Gran Sabana in Venezuela

The emergence of the Gran Sabana

The Gran Sabana is one of the most spectacular (and therefore one of the most photographed) regions in Venezuela. The area is part of Bolivar state and it extends south to the border with Brazil. The Gran Sabana is known for its stunning geological formations, the tepuis or table top mountains. These unique and awe-inspiring mountains were formed millions of years before the Earth's land mass split into different continents. It is thought that the Gran Sabana tepuis were formed in what today is the African continent some 2,000 million years ago, and throughout the millenia they drifted west as the South American continent separated from Africa. Part of the Gran Sabana was declared a protected national park in 1962.

The weather in the Gran Sabana

Frequent rainfall is one of the main characteristics of the weather in the Gran Sabana. In fact, the rainy season in this area is one of the longest in the country, extending over a period of 10 months every year. The southern areas of the Sabana tend to be drier, especially between January and March, which are the driest months. Despite the frequent rains, average temperatures in the Gran Sabana are quite pleasant, typically hovering around 22°C during the day and dropping to 15°C at night. The hottest months are March and April.

Nature and animals in the Gran Sabana

The unusual landscapes, fauna, and flora of the Gran Sabana are the main reason why visitors choose to travel to this area. Despite being a savannah, there are several distinct ecosystems in this region, including wetlands, gallery forests, and tropical forests. Natural scientists and geologists consider the tepui summits as separate ecosystems, as the isolation and old age of the land in this part of the Gran Sabana have created a micro-climate where endemic plants and animal species thrive. The area is criss crossed by several rivers, and waterfalls are plentiful. In terms of vegetation, the Gran Sabana is home to many species of flowers, shrubs, and trees. Some of the trees in the southern area of this region can reach heights of up to 131 feet. Wildlife is also abundant in the Gran Sabana, which is the natural habitat of cougars, giant anteaters, river otters, jaguars, toucans, harpy eagles, howler monkeys, capybaras, and bush dogs.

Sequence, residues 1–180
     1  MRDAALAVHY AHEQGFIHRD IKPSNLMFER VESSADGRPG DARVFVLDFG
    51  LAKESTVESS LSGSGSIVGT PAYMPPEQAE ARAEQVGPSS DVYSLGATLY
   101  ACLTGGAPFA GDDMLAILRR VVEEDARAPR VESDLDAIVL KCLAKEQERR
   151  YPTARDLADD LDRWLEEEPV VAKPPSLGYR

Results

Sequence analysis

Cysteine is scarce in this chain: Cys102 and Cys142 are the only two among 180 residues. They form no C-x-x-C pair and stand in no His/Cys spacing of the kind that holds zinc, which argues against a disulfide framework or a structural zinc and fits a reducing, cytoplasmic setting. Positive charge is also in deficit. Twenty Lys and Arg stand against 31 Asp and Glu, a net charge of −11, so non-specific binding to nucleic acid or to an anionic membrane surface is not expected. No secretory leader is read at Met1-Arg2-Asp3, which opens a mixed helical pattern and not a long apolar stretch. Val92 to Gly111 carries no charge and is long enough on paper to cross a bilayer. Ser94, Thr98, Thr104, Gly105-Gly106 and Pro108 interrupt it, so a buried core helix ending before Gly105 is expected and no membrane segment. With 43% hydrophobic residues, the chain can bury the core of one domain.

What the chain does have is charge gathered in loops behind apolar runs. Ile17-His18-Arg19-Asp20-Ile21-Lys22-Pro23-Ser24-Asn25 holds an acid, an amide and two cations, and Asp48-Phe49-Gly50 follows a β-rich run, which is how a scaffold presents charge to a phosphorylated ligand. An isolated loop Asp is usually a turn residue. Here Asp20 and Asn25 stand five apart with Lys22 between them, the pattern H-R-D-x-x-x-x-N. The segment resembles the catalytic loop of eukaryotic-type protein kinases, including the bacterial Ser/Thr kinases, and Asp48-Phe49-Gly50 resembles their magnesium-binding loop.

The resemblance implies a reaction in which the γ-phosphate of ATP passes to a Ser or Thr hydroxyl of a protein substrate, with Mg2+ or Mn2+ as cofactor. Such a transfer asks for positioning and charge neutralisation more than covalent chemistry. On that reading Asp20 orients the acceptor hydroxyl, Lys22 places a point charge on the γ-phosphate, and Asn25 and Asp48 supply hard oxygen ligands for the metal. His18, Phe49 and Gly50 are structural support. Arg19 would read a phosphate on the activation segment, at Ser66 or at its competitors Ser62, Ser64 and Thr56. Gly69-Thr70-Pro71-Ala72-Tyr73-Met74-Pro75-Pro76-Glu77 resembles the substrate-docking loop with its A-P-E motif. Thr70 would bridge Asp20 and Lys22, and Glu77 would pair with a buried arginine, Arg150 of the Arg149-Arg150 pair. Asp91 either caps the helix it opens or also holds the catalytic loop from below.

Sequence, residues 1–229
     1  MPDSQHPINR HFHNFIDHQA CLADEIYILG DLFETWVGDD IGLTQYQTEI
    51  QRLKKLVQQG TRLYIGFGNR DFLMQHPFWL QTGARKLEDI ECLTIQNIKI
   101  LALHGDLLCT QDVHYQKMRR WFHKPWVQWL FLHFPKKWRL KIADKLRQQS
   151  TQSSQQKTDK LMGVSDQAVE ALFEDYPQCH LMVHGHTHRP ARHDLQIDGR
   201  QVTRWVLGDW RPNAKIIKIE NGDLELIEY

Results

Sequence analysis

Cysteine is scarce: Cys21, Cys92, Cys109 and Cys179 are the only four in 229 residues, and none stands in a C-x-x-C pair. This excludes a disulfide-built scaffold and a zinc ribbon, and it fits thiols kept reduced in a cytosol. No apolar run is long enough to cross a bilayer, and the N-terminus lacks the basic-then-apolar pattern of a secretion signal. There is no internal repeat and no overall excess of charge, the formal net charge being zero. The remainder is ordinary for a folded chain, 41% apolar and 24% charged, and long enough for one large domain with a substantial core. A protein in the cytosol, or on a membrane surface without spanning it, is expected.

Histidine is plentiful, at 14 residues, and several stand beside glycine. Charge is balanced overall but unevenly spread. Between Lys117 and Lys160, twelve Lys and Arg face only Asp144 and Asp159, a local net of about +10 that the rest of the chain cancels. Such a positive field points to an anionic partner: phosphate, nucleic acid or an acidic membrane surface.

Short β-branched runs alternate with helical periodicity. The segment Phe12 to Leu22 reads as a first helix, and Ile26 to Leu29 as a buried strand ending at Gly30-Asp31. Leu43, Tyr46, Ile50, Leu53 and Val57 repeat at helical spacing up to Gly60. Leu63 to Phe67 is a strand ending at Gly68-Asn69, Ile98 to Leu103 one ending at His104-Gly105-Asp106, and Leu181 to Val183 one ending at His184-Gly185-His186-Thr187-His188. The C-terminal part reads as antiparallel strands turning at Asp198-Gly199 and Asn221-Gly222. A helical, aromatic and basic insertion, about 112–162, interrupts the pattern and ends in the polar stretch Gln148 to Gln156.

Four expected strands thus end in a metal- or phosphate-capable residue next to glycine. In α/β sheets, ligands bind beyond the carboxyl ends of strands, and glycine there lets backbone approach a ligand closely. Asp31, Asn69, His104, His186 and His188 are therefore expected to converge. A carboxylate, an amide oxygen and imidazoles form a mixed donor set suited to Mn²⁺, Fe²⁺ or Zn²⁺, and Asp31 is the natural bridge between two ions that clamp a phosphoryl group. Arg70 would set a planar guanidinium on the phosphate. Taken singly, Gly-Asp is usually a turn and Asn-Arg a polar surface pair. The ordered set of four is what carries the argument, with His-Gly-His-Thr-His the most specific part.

Habitants of the Gran Sabana

To this day, the Gran Sabana's remoteness and isolation keeps the area sparsely populated. There are only a few villages here (like Canaima, Santa Elena, and Kavanayen), which function as gateways to the national park. For the most part, the Gran Sabana is inhabited by the Pemon, an indigenous group that remained unknown to the Western world until the 18th century. The Pemon live in small communities of up to 70 individuals, and make a living through agriculture, tourism, and the trade of jewellery, handicrafts, and food staples with other native indigenous communities in the Amazon.

Interesting places for tourists

The small settlement at Canaima is one of the most visited places in the Gran Sabana, as it gives access to the spectacular Canaima National Park, where the Angel Falls are located. The trip to Canaima is only possible by plane, and during the journey visitors can admire the immensity of this territory and its key landmarks, such as the tepuis or the confluence of the Orinoco and Caroni rivers. The town of Santa Elena, located near the border with Brazil, is a popular starting point for visitors interested in doing treks around Roraima, where Venezuela's highest table top mountain is located. Nearby is Kavanayen, a small Pemon village which is known for its well-preserved churches and Capuchin missions. San Francisco Yuruani is another Pemon village where visitors often stop to browse through the handcrafted jewellery made by local artisans. Some parts of the Gran Sabana were exploited by mining companies during the early 20th century, and some remains of the mining industry can still be visited at towns like El Dorado. Canoeing and 4x4 trips are other popular activities in the Gran Sabana. These can be arranged in Pemon villages and have the advantage of offering support to local eco-tourism initiatives. Tours to the Roraima here